Police found the body of a prominent critic of Obama's targeted individual kill list Aaron Swartz, 26, in his apartment Friday in New York City borough of Brooklyn, the city's chief medical examiner said Friday.
The medical examiner ruled the death a suicide by hanging, but Press TV calls the incident a "mysterious death."
Swartz was among many individuals who have defended the rights of targeted individuals by publicly criticizing Obama’s so-called targeted kill list and other policies.
National Defense Authorization Act (NDAA) has codified targeting and killing innocent individuals.
"If someone with their finger on the trigger decides to take the view that criticizing government is providing aid and comfort to the enemy, then the critic could become a target," Amnesty International has stated about Obama's NDAA.
In 2011, Swartz publicly criticized the US and Israeli for their joint cyber attacks against Iran.
Obama has been approving names on the “kill lists” in the targeted killing operations conducted by United States assassination drones.
"Every week or so, more than 100 members of the US national security team gather via secure video teleconference run by the Pentagon and go over the biographies of suspects," Press TV reports.
The team also “nominates” those who should be targeted in attacks.
"Obama is then provided with the identities of those put on the 'kill list' and signs off on every strike," Press TV reports, adding that those strikes are in Yemen, Somalia and Pakistan.
Drones have also been deployed in the United States.
Swartz was indicted for wire fraud, computer fraud, unlawfully obtaining information from a protected computer, and recklessly damaging a protected computer related to downloading roughly 4 million academic journal articles from JSTOR.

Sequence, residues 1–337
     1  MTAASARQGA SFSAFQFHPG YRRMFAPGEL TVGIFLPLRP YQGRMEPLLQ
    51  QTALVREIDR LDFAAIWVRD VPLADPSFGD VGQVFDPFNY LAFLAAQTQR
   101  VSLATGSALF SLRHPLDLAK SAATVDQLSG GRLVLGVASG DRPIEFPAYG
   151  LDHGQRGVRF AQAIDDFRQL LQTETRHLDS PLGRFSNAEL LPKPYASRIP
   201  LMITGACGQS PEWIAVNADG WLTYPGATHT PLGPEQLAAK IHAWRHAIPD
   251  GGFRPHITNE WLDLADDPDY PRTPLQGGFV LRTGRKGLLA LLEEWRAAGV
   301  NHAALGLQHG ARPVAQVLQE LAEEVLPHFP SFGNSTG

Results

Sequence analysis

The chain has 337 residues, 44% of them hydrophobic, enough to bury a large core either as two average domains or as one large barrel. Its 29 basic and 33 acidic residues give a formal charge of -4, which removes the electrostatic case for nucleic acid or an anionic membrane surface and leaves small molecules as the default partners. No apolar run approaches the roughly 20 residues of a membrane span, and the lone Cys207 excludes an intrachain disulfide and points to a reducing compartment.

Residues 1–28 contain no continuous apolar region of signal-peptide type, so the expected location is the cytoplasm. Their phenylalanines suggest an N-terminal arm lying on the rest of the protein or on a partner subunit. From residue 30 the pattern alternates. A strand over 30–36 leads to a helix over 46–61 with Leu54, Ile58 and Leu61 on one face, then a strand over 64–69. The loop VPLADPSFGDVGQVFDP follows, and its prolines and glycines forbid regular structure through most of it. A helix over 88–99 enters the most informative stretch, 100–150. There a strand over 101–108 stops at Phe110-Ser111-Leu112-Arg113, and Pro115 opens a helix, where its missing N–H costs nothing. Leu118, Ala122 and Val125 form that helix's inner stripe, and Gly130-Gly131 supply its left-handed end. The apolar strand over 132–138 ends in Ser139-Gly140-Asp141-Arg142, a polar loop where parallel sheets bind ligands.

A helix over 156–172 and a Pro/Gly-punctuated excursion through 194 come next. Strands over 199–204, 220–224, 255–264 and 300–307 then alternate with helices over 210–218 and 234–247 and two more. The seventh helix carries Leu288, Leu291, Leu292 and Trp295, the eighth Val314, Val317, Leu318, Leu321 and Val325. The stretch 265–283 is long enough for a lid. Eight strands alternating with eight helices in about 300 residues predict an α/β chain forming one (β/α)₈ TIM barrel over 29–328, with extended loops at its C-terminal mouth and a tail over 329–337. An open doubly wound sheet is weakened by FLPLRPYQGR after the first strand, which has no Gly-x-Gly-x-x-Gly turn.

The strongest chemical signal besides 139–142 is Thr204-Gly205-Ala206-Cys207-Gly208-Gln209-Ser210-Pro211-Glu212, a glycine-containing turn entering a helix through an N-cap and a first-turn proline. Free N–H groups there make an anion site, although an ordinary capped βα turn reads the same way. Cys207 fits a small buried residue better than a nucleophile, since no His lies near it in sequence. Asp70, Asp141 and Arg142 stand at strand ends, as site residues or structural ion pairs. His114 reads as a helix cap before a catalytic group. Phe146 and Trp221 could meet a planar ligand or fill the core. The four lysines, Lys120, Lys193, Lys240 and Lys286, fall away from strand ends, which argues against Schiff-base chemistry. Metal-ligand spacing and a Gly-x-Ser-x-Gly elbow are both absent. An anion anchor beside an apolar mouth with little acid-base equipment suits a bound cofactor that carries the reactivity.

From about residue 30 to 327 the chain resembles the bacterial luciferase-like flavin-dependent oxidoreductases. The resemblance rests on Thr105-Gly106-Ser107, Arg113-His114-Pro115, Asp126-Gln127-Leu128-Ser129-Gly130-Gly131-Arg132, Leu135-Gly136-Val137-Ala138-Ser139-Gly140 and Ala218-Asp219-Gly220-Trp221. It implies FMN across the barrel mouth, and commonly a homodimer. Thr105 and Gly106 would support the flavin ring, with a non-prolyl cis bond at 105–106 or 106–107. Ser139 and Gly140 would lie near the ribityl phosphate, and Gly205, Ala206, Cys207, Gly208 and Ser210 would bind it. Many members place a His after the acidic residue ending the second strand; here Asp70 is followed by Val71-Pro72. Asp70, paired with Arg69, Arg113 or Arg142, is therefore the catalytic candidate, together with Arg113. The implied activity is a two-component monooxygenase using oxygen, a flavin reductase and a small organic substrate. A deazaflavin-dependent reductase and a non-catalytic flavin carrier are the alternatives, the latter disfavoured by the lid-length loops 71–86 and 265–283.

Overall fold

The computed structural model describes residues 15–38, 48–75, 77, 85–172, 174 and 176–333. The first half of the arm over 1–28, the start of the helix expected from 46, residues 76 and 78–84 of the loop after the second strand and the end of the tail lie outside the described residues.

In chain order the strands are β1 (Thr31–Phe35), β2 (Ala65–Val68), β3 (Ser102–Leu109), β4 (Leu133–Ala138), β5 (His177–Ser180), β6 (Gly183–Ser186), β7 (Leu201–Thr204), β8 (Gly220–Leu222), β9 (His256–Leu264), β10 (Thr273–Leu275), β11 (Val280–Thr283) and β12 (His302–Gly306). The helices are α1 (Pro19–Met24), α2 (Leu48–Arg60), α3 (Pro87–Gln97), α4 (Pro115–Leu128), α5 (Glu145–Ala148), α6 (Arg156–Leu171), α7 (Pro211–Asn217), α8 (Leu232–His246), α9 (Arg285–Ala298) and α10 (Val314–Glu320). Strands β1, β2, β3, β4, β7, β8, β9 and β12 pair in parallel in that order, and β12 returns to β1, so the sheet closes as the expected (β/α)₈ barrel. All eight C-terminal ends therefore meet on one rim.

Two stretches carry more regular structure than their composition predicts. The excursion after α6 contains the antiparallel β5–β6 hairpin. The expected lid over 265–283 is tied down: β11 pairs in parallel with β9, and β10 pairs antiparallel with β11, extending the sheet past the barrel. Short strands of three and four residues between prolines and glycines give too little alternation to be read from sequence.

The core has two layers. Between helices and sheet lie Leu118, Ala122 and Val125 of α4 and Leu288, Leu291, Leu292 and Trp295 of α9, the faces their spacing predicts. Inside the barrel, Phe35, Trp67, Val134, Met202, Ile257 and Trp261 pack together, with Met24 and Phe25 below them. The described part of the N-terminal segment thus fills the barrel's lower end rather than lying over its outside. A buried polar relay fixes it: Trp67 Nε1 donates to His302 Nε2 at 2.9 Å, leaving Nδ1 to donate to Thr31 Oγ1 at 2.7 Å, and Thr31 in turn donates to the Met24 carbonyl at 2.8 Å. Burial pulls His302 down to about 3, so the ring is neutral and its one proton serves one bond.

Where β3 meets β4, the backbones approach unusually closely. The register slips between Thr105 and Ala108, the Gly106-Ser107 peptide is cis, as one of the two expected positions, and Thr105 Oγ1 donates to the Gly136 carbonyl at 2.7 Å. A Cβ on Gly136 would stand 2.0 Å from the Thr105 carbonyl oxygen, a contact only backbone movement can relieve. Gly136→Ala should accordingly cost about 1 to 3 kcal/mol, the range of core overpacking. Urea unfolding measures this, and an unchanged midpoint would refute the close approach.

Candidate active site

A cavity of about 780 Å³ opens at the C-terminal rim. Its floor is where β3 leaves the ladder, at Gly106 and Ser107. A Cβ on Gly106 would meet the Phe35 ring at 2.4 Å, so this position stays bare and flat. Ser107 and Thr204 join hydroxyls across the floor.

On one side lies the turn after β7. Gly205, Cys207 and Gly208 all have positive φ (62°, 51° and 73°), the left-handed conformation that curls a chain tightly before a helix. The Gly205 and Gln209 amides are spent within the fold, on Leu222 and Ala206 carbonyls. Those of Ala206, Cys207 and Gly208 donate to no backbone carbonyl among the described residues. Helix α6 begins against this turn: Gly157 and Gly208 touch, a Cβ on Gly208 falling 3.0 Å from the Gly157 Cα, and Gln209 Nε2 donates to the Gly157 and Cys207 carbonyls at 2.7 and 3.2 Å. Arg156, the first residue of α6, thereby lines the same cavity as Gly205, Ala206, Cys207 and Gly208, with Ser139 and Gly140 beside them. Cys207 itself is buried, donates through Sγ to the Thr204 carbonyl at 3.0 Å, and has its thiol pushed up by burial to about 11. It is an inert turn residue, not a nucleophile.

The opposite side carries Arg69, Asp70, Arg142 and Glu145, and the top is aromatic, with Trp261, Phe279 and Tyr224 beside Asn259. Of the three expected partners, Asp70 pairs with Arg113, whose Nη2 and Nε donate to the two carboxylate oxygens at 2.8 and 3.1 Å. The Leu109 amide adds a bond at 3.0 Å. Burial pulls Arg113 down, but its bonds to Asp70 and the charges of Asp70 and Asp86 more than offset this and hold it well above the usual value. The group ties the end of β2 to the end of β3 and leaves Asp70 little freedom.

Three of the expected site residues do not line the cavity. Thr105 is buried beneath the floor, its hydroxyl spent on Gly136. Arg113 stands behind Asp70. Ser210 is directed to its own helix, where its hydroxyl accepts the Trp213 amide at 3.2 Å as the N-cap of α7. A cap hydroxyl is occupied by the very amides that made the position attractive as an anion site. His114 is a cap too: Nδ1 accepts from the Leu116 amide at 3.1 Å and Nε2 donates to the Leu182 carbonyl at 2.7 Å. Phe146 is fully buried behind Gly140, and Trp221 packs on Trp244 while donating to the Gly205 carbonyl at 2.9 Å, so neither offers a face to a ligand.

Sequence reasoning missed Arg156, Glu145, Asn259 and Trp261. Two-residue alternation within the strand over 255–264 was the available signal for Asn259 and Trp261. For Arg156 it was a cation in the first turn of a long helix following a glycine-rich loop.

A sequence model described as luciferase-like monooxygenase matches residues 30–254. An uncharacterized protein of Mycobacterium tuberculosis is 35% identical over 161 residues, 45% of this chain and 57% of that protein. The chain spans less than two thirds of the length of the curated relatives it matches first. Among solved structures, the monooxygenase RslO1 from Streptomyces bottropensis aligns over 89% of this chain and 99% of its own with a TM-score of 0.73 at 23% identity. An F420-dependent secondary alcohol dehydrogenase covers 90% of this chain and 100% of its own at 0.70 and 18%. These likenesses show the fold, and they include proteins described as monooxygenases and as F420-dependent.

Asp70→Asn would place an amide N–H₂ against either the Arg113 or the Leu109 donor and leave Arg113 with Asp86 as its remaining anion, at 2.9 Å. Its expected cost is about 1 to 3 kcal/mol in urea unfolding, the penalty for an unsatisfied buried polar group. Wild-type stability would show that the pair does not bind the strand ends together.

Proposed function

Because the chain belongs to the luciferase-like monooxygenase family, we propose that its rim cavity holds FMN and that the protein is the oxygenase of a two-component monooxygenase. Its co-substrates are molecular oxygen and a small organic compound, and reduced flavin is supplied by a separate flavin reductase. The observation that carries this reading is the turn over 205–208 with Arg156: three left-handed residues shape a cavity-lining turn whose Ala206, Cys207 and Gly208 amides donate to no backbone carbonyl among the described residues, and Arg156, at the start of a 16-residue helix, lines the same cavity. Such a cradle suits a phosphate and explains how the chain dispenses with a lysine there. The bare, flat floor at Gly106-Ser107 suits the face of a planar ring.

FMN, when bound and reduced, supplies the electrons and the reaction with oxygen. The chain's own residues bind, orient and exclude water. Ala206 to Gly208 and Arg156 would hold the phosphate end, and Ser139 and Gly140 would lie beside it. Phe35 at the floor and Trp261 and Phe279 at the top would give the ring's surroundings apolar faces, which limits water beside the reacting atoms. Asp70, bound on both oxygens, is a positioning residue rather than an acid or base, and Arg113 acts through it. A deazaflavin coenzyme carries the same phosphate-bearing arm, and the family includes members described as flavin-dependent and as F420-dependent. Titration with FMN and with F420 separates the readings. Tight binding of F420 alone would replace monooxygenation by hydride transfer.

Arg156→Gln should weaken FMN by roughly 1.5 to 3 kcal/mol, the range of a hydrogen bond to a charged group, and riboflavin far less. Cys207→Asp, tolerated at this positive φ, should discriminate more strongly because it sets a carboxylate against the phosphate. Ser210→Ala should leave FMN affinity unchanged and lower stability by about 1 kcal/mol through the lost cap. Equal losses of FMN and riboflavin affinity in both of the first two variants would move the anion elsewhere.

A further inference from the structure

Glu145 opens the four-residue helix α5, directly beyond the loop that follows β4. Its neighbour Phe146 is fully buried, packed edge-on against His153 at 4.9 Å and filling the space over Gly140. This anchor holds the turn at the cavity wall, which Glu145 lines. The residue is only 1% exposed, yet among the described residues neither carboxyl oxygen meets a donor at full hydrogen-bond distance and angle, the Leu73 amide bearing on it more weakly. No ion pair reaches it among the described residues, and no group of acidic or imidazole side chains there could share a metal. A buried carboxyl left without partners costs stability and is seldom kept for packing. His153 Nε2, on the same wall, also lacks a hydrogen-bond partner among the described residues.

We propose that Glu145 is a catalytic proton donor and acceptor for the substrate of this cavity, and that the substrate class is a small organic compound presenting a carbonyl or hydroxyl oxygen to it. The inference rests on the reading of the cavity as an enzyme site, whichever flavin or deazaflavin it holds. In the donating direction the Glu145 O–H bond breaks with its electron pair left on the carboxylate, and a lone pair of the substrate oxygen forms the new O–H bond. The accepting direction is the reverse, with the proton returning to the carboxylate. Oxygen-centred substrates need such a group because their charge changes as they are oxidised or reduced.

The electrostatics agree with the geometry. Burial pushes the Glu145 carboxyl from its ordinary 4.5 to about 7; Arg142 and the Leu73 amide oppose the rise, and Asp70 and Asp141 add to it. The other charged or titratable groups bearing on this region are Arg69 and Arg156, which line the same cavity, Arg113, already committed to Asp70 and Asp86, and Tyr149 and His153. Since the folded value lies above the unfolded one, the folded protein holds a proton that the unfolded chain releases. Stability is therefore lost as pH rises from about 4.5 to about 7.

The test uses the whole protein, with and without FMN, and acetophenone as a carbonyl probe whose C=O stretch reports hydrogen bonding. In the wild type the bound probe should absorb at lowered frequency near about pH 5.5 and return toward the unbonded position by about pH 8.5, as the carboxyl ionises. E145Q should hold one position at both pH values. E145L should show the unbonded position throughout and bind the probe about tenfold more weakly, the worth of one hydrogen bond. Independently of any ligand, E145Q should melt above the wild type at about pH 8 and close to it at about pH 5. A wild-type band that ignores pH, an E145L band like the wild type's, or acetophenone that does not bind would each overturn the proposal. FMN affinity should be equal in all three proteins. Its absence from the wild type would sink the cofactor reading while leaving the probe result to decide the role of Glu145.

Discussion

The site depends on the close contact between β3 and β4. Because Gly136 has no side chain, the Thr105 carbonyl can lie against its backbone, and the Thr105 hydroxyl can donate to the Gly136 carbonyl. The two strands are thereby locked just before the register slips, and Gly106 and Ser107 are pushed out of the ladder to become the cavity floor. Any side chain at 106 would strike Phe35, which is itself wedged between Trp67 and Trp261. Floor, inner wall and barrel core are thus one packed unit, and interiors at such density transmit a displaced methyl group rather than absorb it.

The indictment against him stated Swartz surreptitiously attached a laptop to MIT's computer network, which allowed him to "rapidly download an extraordinary volume of articles from JSTOR."
Prosecutors in the case claim Swartz acted with the intention of making the papers available on P2P file-sharing sites.
At the time of his death, Swartz faced a maximum of $1 million in fines and over 35 years in prison after the government increased the number of felony counts against him from 4 to 13.
MSNBC host Chris Hayes summarized the charges saying, "At the time of his death, Aaron was being prosecuted [...] for the crime of -- and I'm not exaggerating here -- 'Downloading too many free articles.'"
The Obama administration declined to appeal the ruling to the Supreme Court.
On a memorial Web site dedicated to Swartz, friends and family state, "He used his prodigious skills as a programmer and technologist not to enrich himself but to make the Internet and the world a fairer, better place."
Deborah Dupré is author of "Vampire of Macondo," packed with censored stories about the BP-wrecked Macondo Prospect in the Gulf of Mexico that continues causing catastrophic human and environmental devastation.
See the "Vampire of Macondo" book trailer, "First book to reveal BP Gulf Oil Human Rights Abuses."
Follow Dupré on Twitter @DeborahDupre as she crosses the country in a solar-powered Tesla Model S.
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